On Saturday, November 21, CNN presented a one-hour documentary film by Anderson Cooper, “Killings at the Canal: The Army Tapes” web URL (link). The airing was complete, but was delayed about 15 minutes to analyze the cloture vote on health care reform in the Senate tonight (60-39 pass).
The early part of the film shows Sgt Michael Leahy making a video for his wife, saying “I’m not a good person; I killed someone”. The Army charges four NCO’s with premeditating the murder of four Iraqi detainees and dumping the bodies in a canal.
However, the men say that they did this to protect others in their unit: interrogation rules are so strict and ineffective that insurgents are typically let go. Soldiers have not been trained in criminal investigation procedures as civilian prosecutors and lawyers understand it. And the military concept of unit cohesion (so well bounced around in discussions of “don’t ask don’t tell”) is so marked that men will break normal rules of right and wrong (in a global sense) to protect one another. It’s sort of like seeing people do “wrong” in soap operas to protect “their own families.” So men who were war heroes and who have purple hearts are suddenly turned in to war criminals, as the Army tries to forestall another Abu Ghraib. Yet, the Army could have spent a lot more resources of prosecuting insurgents legally rather than on prosecuting its own to cover up a systemic problem. The report had the probing character of a Dateline episode.
I remember being taught the Geneva Convention in Basic Training back in 1968.
Thursday, November 19, 2009
Ryan Seacrest talked about Oprah’s change with Anderson Cooper on AC360 tonight on Thursday Nov. 19. Ryan gives her credit for launching Dr. Oz, Dr. Phil and Nate Berkus.
CNN showed a clip of some famous Oprah shows, such as Tom Cruise and his famous jumping jacks in 2005, which some say got "Top Gun" bounced from Paramount (as "Risky Business"). Maybe there was a bit of precrime.
Oprah has been on the air for 25 years.
Ryan Seacrest has said that his “career” is to make pop stars.
Here’s a story on Popeater, “Six Celebs who would replace Oprah”, link. Nobody will “replace” Oprah.
Wednesday, November 18, 2009
National Geographic aired an important one-hour documentary Nov. 17 “The Hunt for the Samurai Subs”, (link) directed by Devin Chivvis, concerning at least four advanced Japanese submarines only recently found by extensive Doppler investigations. (The show is part of NatGeo's "Expedition Week" series.) The Japanese could store fighter planes on them (they were like underwater aircraft carriers), and when surfaced, could launch fighters to attack even East Coast cities like Washington and New York with kamikaze planes. Later the Japs turned their attention on the Panama Canal. The attacks never came, but would have if the US and Harry Truman had not ended the War quickly in August 1945 with the atomic bomb. The Japs insisted on sinking the subs before surrendering. We don’t know for sure how much Roosevelt and Truman knew about the subs. So Pearl Harbor was the only major homeland strike (consider the film “Saboteur” however).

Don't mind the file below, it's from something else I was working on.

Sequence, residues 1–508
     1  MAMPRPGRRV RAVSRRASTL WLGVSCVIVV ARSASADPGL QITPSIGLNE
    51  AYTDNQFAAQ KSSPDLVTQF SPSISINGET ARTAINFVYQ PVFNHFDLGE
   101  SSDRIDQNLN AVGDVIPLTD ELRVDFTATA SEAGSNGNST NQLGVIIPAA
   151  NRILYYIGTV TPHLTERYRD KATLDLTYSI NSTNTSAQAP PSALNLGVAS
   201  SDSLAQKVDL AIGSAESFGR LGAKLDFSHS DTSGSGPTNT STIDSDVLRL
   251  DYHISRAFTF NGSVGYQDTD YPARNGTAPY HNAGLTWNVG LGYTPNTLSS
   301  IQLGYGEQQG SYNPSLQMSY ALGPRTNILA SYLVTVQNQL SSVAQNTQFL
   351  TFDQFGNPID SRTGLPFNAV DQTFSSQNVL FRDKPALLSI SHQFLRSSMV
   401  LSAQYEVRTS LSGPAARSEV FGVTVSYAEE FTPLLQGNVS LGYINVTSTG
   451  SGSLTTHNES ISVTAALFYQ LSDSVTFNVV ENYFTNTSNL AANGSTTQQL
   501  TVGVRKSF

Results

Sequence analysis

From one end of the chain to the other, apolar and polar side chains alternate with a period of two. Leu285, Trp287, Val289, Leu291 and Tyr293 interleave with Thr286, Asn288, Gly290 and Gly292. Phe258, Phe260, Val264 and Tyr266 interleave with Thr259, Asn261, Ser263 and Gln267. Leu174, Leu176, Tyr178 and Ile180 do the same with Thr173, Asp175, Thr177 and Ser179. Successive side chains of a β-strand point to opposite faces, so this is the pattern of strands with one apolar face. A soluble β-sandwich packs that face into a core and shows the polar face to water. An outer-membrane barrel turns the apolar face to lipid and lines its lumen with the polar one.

Submarines have been around since the War between the States, and Germans had them in both World Wars, and were a major factor in drawing the US into WWI.
The film makes one wonder if Iran or North Korea could conduct submarine warfare. During the Iran-Iraq war in the 1980s, the US Navy hunted submarines by both sides in the Persian Gulf with Orion planes; Petty Officer Keith Meinhold (later active in the battle to overturn the military gay ban) was active in this effort.
The film also seems timely when the US is debating the end of “don’t ask don’t tell” because submarine service is among the most “intimate” in the military, and has only recently allowed female sailors.
Submarine technology during WWII was more advanced than most people realize, as shown by the USS Torsk exhibit in Baltimore Harbor.
This film may not be “The Seven Samurai” but it would do well if expanded to a theatrical feature.
Tuesday, November 17, 2009
On November 17 PBS Nova aired Part 3 of its Evolution series, “Becoming Human: Last Human Standing,” with link here.
The program compares homo sapiens to other hominids, particular Neanderthals, who derived from an ancestor common with us. Some portions of the Neanderthal brain were slightly smaller, and their hunting tools were only good for killing at close range. They were exclusive carnivores, and did not eat vegetables or fish.
Modern humans seemed to gain reproductive advantage after extreme ice ages and droughts, forcing people to live near the coast and improve their technology, including using the cycles of the Moon, to find shellfish. As homo sapiens moved into other areas, they gradually crowded out competing hominids, driving Neanderthals to southern Spain where they finally died out 28000 years ago.
Homo sapiens, having survived crises, represent an evolutionary “bottleneck” which means they have relatively little genetic diversity, which explains why races can interbreed. Extreme environmental stress can cause any group of animals to develop a genetic bottleneck, as only a narrow range of representatives of the animals survive. Human beings also have “culture”, which relates to being able to pass on knowledge to future generations which will build on it.
On other planets, it’s likely that that there would be more genetic diversity among dominant species than on earth, which would lead to even more political problems than we have.
Attribution link for Neanderthal Child reconstruction (p.d.).
Monday, November 16, 2009
On Monday Nov. 16 the Bravo TV “Inside the Actors Studio”, hosted by James Lipton, presented Jon Bon Jovi (that is John Francis Bongiovi, born in New Jersey in 1962 and now a rather youthful-looking 45), with his Bon Jovi rock band.
A typical video is here (no embed code offered).